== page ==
Alienware Area-51 m9750
It's a laptop, but not as we know it...
Review One word can describe the Alienware Area-51 m9750: big. It's as if the person designing it thought they were in Burger King and decided to Go Large at every opportunity. It's got two hard drives, two graphics cards, two processor cores and a whopping 17in screen. There's another thing that's big about the m9750 - its price.
There's no skirting around the subject - £2,491 is a lot of money to pay for a laptop, no matter how you look at it. If you strip it back to its barest elements it can be yours for £1,197 but you'll have to pare down the specifications to just one hard drive and graphics card and lower the screen resolution, among other things.
There is no denying that Alienware has thrown a huge amount of technology into the m9750. Its 17in screen runs at an HD friendly WUXGA resolution of 1,920 x 1,200 pixels. The screen is fed by not one, but two 512MB nVidia GeForce Go 7950 GTX graphics cards in an SLI configuration, so unlike most portable computers gaming is a realistic option.
It's powered by an Intel Core 2 Duo T7600 running at 2.33GHz with 2GB of DDR RAM and comes loaded with a copy of Windows Vista Ultimate. It features two 250GB 5,400rpm Sata drives, which can be configured either as a 500GB RAID 0 disk or 250GB mirrored RAID 1 drive. It features an 8x dual layer DVD writer - with Blu-ray available as an option for £328 more.
Given the amount of technology housed inside the m9750, it's no surprise to learn that its case measures a bulky 39.5 x 29.9cm, although it's not actually as thick as you would expect at only 3.8cm. It's a pretty hefty laptop too, weighing in at 4.3kg - it's definitely not the sort of machine you'd want to lug around for a prolonged period of time.
The outside lid features the traditional Alienware ribbing and glowing blue Alien head - whether you think that's a good thing or not is down to personal preference. The inside of the lid is surrounded by gloss black plastic, while the main body and outer lid are finished in matt black plastic that has a rubberised feel. While the finish looks nice at first, it is very susceptible to greasy finger marks, which show up quite prominently on the casing.
The keyboard is large and pleasant to type on - with big keys you would expect to find on a full size unit. There's also room on the right for a numeric keypad, although this does mean you're typing slightly off centre, but it's not a major problem.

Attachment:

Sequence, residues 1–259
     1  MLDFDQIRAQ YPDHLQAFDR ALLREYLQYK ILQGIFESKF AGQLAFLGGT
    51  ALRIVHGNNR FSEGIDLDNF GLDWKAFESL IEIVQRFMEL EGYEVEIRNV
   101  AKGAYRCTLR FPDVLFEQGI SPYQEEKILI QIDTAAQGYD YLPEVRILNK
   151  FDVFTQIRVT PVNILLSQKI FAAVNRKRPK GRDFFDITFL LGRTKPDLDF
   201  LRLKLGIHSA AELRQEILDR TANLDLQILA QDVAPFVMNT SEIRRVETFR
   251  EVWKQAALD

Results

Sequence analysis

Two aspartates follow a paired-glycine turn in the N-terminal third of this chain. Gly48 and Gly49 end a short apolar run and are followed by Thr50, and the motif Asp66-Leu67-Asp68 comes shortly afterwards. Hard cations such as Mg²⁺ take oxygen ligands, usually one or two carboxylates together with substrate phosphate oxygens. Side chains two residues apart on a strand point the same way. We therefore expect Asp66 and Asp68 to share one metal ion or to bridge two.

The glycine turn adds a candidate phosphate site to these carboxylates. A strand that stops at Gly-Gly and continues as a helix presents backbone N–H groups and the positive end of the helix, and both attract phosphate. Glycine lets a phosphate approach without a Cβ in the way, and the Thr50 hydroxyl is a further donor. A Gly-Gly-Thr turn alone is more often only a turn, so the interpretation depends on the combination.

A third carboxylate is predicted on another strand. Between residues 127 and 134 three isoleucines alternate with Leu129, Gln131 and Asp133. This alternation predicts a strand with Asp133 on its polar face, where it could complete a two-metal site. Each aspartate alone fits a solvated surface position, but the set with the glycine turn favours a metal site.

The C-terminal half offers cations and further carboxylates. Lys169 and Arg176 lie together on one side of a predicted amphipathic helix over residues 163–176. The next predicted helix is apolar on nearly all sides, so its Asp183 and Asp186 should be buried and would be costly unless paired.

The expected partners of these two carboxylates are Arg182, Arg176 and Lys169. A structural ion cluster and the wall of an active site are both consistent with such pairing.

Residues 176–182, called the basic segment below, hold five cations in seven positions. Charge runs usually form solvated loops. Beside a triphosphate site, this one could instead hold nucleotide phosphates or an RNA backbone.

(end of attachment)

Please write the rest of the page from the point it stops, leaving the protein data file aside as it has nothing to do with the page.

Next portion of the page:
The m9750 isn't short on ports and connectors - on the left hand side you'll find two USB and a mini-Firewire socket, gigabit Ethernet port, SD/Memory Stick card reader and Express Card slot. On the right there's another USB port, optical audio out, analogue surround sound connectors, headphone and microphone sockets, and a volume wheel - although you need to turn the wheel a fair way to adjust the volume significantly. On the wireless front, it has both Bluetooth and 802.11g Wi-Fi.
At the back there are both VGA and DVI video outs as well as S-Video. You'll also find a further USB port, mains power input, and connectors for the optional TV tuner card. At the front of the machine is the DVD writer, flanked either side by speakers. A row of touch sensitive buttons are arranged in a strip above the keyboard, providing quick access to applications and media controls. The touchpad is situated sufficiently far from the keyboard that accidentally activating it while typing is unlikely.
With such high end specs inside the m9750, its Windows Experience Index score of 4.7 is initially a little disappointing. However, since the score is represented by the lowest category score, it's the memory performance that drags it down to 4.7. For graphics and gaming it scores the current maximum of 5.9, while the hard drive performance comes in at 5.8, and finally the processor is rated at 5.2.
Running it through PCMark05 resulted in a reasonable overall score of 5,791, with sub-scores of 5,788 for CPU, 4,357 for memory, 5,804 for graphics, and 4,297 for hard disk.
It's when it comes to games performance, however, that the m9750 really shines, racking up a 3DMark06 score of 7,343 - which is impressive for a laptop. Running it through Doom 3 came in with a result of 131fps at 1,024 x 768, 129fps at 1,280 x 1,024 and dropping only to 126fps at 1,600x1,200. Results for Halo were similarly impressive, with 146fps, 140fps and 130fps at the same respective resolutions.
Finally, Cinebench 9.5 rated its multi-CPU performance at a decent 708 and hardware OpenGL abilities at 2,102. All in all, very high numbers for a laptop.
When it came to playing back 1080p HD footage, the results were still good, but not as impressive. The high gloss reflective screen produces great colours and when viewing 1080p WMV content the m9750 could mostly keep up. There was the odd slight judder, but the results were watchable. With 1080p Quicktime content, however, despite the huge amount of processing power available it still struggled to show the video without dropping frames, which is disappointing.
Claimed battery life runs at between 1.5 and two hours, which seems realistic. That doesn't give you much to play with, but given its size it's unlikely you'll be using it away from a mains power supply for that long anyway.
If you value good 3D performance, but haven't got space for a desktop system, the m9750 won't disappoint. It's got great gaming credentials and a stunning screen to make the most of the graphics. The asking price is high, but so is its spec and, apart from the problems with Quicktime video and the easily smudged casing, there's not much else to complain about. If you've got more money than space it's a great option.